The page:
The McKibbins are not all that different from any other set of siblings, if not a touch more hirsute and athletically inclined.
They fight. They argue. They point out one another’s flaws, sometimes a bit gleefully. And they do this often. Often enough for Riley McKibbin to film a video blog detailing the frustrations of volleyball, and playing volleyball with your brother, and how to deal with these frustrations.
“I think we would both agree that we have a hard time listening to each other,” Maddison McKibbin said on SANDCAST: Beach Volleyball with Tri Bourne and Travis Mewhirter. “Just because you’re brothers, if you hear one word of critique, you go straight back to the last thing he messed up on, and you’re thinking ‘Dude don’t talk to me when you’re doing this.’ You revert to it and it’s so bad. I would never treat anyone else like that.
“It’s this battle of trying to take suggestions and criticisms and critiques constructively and I know that sounds very basic but it’s hard when it’s your brother.”
Their relationship is at once their biggest strength and vulnerability. On a tip from defender Geena Urango, a fellow USC Trojan, the McKibbins now pick out three aspects or skills each of them want to work on in practice, which has both improved their volleyball and reduced the resistance to critiques from a sibling.
“If we mess up on something else, it’s ‘I’m not going to get mad at you, you’re not going to get mad at me, we’re just working on these three things,’” Maddison said. “And then enforcing at the end of practice one thing that went well and one thing that we’re working on. The idea is to cut down on the frustration and whatever you want to call it between you and your partner, because when you have a plan, you can call someone out if you really want to, like ‘Hey, Riley, you suck at number two.’”
It’s why this past season was so different for Maddison, who hadn’t played with anyone aside from Riley since 2011. When Riley hurt his hand in the season-opening event in Huntington Beach, Maddison was forced to explore partner options, to play with someone he didn’t share a childhood with, didn’t share the USC court with, didn’t travel throughout Europe with, didn’t grind through the qualifiers with.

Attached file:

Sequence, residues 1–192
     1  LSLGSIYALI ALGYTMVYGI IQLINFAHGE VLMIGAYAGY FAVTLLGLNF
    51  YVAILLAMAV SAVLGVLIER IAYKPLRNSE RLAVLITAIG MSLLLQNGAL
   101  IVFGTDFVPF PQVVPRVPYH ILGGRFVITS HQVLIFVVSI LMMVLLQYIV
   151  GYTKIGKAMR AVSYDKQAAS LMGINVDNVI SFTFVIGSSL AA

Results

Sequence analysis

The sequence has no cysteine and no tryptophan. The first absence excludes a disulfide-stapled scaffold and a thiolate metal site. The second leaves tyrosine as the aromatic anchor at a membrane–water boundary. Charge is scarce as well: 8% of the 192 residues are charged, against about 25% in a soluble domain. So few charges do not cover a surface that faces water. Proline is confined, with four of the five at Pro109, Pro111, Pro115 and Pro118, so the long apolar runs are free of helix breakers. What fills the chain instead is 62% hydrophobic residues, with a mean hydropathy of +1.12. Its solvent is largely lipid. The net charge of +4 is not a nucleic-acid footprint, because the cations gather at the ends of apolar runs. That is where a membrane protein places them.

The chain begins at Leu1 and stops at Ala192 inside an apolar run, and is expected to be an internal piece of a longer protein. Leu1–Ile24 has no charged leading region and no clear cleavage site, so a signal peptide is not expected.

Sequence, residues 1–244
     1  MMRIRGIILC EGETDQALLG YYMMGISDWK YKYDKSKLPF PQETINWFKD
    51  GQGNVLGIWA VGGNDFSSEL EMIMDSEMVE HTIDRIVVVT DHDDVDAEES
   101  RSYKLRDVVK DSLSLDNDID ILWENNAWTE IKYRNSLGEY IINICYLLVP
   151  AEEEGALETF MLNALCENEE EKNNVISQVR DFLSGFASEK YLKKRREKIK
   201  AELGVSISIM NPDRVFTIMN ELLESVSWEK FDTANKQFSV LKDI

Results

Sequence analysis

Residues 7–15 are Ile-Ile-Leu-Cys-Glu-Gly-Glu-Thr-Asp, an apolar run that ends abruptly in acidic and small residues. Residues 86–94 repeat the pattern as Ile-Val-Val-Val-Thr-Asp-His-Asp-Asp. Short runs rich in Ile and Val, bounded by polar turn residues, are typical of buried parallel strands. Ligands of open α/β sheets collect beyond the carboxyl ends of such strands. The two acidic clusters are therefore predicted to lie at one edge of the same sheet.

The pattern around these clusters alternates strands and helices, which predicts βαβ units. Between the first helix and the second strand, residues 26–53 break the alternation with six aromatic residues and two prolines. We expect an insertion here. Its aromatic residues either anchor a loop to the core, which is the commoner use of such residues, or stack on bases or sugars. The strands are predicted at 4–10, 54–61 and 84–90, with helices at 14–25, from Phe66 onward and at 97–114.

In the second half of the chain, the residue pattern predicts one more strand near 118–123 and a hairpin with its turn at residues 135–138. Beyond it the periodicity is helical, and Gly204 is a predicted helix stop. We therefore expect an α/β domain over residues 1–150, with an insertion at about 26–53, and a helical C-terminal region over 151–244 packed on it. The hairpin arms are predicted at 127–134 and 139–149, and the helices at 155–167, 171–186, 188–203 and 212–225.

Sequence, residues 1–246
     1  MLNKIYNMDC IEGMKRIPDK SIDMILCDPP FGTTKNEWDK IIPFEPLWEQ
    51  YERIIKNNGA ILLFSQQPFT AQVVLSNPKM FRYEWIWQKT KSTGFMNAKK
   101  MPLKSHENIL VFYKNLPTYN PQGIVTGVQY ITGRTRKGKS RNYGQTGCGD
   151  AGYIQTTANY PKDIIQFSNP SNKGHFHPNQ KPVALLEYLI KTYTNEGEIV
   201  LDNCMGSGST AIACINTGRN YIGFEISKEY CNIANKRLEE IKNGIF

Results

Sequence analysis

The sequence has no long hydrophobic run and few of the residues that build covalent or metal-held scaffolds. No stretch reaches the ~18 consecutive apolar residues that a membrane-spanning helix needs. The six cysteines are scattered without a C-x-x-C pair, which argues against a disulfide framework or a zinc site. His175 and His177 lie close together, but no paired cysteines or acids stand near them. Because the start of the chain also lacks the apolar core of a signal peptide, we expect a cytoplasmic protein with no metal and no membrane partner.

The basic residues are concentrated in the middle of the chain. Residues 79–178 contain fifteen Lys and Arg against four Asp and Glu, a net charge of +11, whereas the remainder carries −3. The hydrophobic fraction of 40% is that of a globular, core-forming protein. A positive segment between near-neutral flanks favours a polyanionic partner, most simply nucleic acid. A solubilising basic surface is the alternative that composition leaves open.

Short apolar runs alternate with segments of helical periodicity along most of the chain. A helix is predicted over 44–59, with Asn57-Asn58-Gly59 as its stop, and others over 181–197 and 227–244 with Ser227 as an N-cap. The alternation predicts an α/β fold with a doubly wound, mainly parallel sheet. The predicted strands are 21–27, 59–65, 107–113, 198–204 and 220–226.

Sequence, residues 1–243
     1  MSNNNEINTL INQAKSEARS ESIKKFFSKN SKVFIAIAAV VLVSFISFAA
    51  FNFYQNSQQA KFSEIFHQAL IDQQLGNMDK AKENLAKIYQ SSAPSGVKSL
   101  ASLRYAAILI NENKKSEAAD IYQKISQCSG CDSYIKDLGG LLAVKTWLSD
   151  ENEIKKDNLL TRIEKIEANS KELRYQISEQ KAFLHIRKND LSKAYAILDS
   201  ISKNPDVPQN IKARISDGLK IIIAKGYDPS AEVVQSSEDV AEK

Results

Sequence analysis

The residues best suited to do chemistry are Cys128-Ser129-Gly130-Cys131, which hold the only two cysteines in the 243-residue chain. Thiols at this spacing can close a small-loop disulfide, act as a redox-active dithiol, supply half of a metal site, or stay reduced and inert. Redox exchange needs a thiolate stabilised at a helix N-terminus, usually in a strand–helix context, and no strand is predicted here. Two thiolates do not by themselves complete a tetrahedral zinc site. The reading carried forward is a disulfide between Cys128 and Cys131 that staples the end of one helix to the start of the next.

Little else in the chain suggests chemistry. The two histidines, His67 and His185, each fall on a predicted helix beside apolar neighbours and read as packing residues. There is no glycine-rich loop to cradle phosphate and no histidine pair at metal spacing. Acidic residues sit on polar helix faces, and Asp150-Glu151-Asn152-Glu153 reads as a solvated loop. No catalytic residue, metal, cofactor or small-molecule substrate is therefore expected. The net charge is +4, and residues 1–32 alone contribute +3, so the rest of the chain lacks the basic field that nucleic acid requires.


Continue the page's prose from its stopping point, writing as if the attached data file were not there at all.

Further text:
What he found was this: Finding, and keeping, partners, is tough. Meshing with new partners is tough.
Playing without your brother is kinda weird.
He played Austin and New York with Reid Priddy, and in the subsequent shuffle prior to Seattle, he wound up with Ty Loomis. And after getting swept out of Seattle, they stunned no small number of people in winning San Francisco just two weeks later.
Most would have thought Maddison and Loomis would stick together. A no-brainer. They were champs!
Then again, most don’t understand the bond between the Beard Brothers.
“When I played with Reid I told him ‘When Riley’s coming back, I’m playing with Riley’ and it was the same thing I told to Ty,” Maddison said. “And Ty wanted to keep going and I completely understand. But to me, I’m an incredibly loyal person, and I love the game of beach volleyball, but we both know that, financially, it’s hard to sustain, and playing with my brother, I love playing with my brother.
“When we win, it’s that much better, and when we lose, it sucks. In order to make this lifestyle sustainable, we have to create content, we have to develop a brand within the sport, and I’m not saying I’m only playing with him because of our brand, but when you win with someone who’s had your back for that long, or has encouraged you to pursue so many different things, that in itself is enough to say that ‘I know I had success with this one person but I’d much rather win with you.’
“So my goal is: ‘I want to win with you. I want to be these idiotic Beard Brothers on the AVP.’ That’s where I want to be in life.”